I am a sucker for Requiems: Cherubini, Mozart, Dvorak, Fauré, Verdi, Britten, Penderecki and now (and then) Süssmayr’s own. This is what I mean by a Reggie Oliver classic story, one that it is a privilege to read and I am personally pleased to imagine the massed and marshalled audience of this book applauding as it comes to the close of its visionary pattern on the stiff, luxurious paper of the page. It tells of an Englishman who rents a room in Vienna under the room of a bereft Süssmayr who is in turn tainted with a Salieri type bitterness after helping a dying Mozart complete his own Requiem, and seemingly haunted by Mozart’s widow. The English protagonist is as Eric Fenby to Delius who by the end returns to the ‘stone music’ of the Morchester cathedral, which I imagine to be like Lichfield’s.
This story, for me, completes the book’s earlier astrological chart (in ‘Lord of the Fleas’) but inspirationally of death as well as of birth, the precise Epochal moment of each of these two events by charting between them a changing river of astrologically literary harmonics to represent the pattern of the Requiem, a Jungian synchronicity, transcribing a chart-intrinsic series of Blakean passages (not purple so much as golden) fluted through with that ‘riparian spate’, that idea of a river never being the same twice, borne along by the oxymorons of humanity, philosophy, science etc that were first adumbrated by ‘Singing Blood’. And riven by the spirit and music of Mann’s Magic Mountain.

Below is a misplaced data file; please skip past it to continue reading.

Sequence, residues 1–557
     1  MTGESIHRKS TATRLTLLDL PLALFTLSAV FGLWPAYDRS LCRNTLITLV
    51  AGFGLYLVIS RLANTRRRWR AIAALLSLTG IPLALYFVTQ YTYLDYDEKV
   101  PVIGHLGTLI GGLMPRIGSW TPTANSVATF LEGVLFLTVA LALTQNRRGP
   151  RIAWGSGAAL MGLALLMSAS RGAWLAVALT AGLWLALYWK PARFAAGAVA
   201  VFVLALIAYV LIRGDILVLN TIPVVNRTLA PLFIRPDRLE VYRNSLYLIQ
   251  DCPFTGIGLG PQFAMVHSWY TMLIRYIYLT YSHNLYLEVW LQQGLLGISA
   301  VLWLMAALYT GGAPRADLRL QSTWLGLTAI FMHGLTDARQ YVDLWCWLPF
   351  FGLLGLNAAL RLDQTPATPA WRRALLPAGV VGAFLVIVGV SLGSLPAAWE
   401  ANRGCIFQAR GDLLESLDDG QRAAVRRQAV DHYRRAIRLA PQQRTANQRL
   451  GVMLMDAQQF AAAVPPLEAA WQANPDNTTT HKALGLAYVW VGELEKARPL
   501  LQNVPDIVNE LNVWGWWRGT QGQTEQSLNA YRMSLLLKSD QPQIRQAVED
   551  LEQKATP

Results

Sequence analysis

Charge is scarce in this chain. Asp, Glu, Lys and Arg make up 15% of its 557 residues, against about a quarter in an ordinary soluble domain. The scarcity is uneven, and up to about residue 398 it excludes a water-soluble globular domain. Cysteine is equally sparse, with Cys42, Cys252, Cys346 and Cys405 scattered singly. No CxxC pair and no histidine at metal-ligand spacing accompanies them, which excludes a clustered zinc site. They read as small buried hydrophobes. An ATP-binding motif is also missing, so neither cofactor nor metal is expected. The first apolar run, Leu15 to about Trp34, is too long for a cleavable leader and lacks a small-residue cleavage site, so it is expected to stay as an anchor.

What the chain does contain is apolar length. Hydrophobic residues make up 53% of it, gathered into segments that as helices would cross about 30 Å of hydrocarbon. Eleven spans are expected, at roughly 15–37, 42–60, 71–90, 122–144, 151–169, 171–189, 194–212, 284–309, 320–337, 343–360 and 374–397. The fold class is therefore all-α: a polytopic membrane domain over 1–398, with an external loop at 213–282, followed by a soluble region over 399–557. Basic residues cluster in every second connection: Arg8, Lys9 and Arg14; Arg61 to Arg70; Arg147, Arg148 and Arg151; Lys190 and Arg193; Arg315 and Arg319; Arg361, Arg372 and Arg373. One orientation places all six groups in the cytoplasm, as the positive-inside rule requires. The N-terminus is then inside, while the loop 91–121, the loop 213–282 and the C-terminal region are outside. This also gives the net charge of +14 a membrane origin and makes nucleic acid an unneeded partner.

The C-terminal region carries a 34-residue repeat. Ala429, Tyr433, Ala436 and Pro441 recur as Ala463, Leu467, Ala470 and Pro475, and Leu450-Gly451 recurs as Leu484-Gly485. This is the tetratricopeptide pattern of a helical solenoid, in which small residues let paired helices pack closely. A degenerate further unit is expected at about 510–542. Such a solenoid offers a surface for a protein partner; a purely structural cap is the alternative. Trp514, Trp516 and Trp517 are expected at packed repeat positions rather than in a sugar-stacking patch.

A story that needs to be read and read and read till it gives up all its secrets. Never be impatient with literary works like this one!
Above is an extract from my review of Reggie Oliver's book 'Flowers of the Sea' (Tartarus Press) HERE.
THE UNHOLY WEIGHT OF THE GLIMPSE